Much has been said about the science and the art of investing. There should be: it’s a complex business. In the end, though, both the science and art really serve a single objective: maximizing returns within the constraints of a client’s specific investment goals and risk tolerance.
For advisors these days, who must contend with a market that’s suddenly volatile again as well as a staggering array of investment products, that’s a pretty tall order. It can be done, though, and I humbly suggest that the best – maybe the only – way to achieve success as I’ve defined it is to look at a client’s entire portfolio from a holistic perspective.
And just what does that mean? Well, since most investors use a combination of tax-deferred and taxable investment accounts to save for their retirement, it means that advisors have to take more of a household approach to reviewing a client’s entire portfolio. What’s more, it means that an advisor must talk to clients about the assets he or she doesn’t manage as well as the assets he or she does. It’s not unreasonable to suggest that the best way for a financial advisor (FA) to be really effective for a client is to fully understand the client’s total asset-allocation profile.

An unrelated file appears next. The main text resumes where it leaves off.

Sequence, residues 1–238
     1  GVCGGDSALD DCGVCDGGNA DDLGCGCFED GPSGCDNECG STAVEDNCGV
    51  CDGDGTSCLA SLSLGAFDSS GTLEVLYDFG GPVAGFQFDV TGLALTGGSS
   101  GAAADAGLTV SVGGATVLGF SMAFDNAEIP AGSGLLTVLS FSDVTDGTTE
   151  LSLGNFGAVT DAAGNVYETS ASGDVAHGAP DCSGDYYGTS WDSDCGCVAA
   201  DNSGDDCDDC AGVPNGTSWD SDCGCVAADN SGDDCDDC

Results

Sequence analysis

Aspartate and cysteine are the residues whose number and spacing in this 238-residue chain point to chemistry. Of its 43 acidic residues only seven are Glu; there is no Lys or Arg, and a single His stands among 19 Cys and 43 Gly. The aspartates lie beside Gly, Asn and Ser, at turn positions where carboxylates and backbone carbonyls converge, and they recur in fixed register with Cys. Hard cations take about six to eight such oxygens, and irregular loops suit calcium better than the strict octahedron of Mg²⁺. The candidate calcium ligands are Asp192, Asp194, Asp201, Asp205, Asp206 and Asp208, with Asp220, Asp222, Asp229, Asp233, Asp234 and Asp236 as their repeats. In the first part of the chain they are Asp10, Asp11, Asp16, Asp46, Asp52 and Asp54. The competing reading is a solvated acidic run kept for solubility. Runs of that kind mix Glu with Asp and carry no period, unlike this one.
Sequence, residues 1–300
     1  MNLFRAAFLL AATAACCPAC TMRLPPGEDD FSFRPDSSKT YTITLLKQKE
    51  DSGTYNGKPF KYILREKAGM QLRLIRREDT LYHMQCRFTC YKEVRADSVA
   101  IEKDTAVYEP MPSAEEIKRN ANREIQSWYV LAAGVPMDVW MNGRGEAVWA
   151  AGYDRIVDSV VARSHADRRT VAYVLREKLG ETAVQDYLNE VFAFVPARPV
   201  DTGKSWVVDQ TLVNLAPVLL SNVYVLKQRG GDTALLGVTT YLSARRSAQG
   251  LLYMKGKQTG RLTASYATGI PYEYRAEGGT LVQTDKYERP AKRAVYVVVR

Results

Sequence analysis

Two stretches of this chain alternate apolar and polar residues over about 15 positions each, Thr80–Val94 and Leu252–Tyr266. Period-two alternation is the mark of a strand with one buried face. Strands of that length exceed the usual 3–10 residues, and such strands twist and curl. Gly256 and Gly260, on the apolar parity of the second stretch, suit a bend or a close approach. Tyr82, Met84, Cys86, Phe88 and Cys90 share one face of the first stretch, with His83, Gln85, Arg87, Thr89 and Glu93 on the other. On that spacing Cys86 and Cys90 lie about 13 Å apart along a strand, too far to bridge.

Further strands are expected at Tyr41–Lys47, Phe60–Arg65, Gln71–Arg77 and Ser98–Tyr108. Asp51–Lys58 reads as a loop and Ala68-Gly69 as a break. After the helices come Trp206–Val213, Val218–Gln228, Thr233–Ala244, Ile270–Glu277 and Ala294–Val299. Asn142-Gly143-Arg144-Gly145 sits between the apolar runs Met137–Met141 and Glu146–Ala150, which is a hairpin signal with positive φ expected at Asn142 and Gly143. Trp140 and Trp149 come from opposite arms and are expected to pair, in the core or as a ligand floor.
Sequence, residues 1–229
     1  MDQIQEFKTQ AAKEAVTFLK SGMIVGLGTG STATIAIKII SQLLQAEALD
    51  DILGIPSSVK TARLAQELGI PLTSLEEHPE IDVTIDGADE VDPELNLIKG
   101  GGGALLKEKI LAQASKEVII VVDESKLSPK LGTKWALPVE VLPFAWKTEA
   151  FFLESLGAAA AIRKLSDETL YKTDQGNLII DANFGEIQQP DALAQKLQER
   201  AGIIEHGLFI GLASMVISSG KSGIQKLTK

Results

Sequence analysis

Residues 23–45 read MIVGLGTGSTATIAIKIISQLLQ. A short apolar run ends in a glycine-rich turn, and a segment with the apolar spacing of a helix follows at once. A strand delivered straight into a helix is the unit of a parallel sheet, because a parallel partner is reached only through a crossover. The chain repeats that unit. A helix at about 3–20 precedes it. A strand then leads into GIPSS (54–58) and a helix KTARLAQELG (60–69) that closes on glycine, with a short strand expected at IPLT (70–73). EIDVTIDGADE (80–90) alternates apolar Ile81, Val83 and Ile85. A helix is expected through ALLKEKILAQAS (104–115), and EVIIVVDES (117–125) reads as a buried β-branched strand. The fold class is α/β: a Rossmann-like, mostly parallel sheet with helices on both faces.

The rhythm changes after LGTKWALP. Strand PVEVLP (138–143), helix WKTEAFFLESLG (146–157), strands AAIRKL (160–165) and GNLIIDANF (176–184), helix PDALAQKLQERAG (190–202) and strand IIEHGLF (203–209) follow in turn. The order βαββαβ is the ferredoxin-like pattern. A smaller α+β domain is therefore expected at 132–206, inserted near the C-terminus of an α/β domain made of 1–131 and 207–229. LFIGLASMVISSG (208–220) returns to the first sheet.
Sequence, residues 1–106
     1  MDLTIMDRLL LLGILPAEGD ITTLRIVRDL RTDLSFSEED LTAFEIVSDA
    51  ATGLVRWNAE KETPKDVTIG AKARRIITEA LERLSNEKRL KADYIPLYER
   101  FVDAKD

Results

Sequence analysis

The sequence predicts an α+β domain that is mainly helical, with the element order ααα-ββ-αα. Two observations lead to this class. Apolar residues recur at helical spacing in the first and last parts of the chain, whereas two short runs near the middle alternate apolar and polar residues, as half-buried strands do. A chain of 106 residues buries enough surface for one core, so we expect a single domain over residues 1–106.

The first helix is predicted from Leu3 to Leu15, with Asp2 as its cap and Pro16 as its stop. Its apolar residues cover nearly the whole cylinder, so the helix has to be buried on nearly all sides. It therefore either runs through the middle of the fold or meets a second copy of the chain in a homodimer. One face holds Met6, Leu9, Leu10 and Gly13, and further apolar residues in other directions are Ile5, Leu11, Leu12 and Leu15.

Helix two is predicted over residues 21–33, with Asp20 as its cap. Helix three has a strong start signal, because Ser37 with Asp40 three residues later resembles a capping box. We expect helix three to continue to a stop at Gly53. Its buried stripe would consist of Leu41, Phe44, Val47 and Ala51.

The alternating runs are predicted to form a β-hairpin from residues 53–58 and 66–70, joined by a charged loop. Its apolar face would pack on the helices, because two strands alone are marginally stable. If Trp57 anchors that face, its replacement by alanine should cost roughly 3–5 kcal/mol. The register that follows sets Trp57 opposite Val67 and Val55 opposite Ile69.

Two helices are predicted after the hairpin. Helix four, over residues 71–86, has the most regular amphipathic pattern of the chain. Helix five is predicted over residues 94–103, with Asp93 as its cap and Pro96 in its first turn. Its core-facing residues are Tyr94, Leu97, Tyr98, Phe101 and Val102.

It’s More Than Personal…
Running an asset allocation model on a personal account—or the FA’s portion of the personal portfolio—is simply not enough. A holistic approach will require running at least two separate models: one on the taxable investments, utilizing after-tax return assumptions, and another on the tax-deferred accounts, using pre-tax return assumptions.
In practice, the allocation process will more often than not deploy high-growth, yield and turnover assets–actively managed equities, for example–in the retirement accounts and more tax-efficient assets–municipal bonds, passive index funds and the like–in the personal accounts. It’s easy enough from there to roll up all the models into a household-level asset allocation report to get an accurate view of the aggregate portfolio.
The good news, however, is since you understand the components of return and the correlations between pairs of asset classes so well, you’ll have a good opportunity to allocate assets more efficiently between your clients’ personal and retirement accounts. The bad news?
There’s no magic formula for determining the ideal model with any kind of precision. At the risk of sounding too much like an economist, I have to say that the most appropriate solution will depend on the situation.